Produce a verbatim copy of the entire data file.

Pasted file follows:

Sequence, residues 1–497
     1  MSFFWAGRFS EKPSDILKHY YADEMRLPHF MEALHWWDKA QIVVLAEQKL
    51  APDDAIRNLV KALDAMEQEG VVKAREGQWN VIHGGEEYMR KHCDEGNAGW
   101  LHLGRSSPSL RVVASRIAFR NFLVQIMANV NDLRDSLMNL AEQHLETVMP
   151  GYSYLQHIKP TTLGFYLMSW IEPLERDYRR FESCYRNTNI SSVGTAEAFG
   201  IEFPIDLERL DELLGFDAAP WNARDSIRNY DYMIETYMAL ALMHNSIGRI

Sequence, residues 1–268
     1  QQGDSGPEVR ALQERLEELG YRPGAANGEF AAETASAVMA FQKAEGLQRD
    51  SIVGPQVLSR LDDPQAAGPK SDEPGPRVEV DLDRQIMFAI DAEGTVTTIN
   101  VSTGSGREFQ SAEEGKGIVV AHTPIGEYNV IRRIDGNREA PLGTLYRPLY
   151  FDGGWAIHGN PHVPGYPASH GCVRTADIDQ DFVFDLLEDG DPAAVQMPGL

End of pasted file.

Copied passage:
Sequence, residues 1–497
     1  MSFFWAGRFS EKPSDILKHY YADEMRLPHF MEALHWWDKA QIVVLAEQKL
    51  APDDAIRNLV KALDAMEQEG VVKAREGQWN VIHGGEEYMR KHCDEGNAGW
   101  LHLGRSSPSL RVVASRIAFR NFLVQIMANV NDLRDSLMNL AEQHLETVMP
   151  GYSYLQHIKP TTLGFYLMSW IEPLERDYRR FESCYRNTNI SSVGTAEAFG
   201  IEFPIDLERL DELLGFDAAP WNARDSIRNY DYMIETYMAL ALMHNSIGRI

Sequence, residues 1–268
     1  QQGDSGPEVR ALQERLEELG YRPGAANGEF AAETASAVMA FQKAEGLQRD
    51  SIVGPQVLSR LDDPQAAGPK SDEPGPRVEV DLDRQIMFAI DAEGTVTTIN
   101  VSTGSGREFQ SAEEGKGIVV AHTPIGEYNV IRRIDGNREA PLGTLYRPLY
   151  FDGGWAIHGN PHVPGYPASH GCVRTADIDQ DFVFDLLEDG DPAAVQMPGL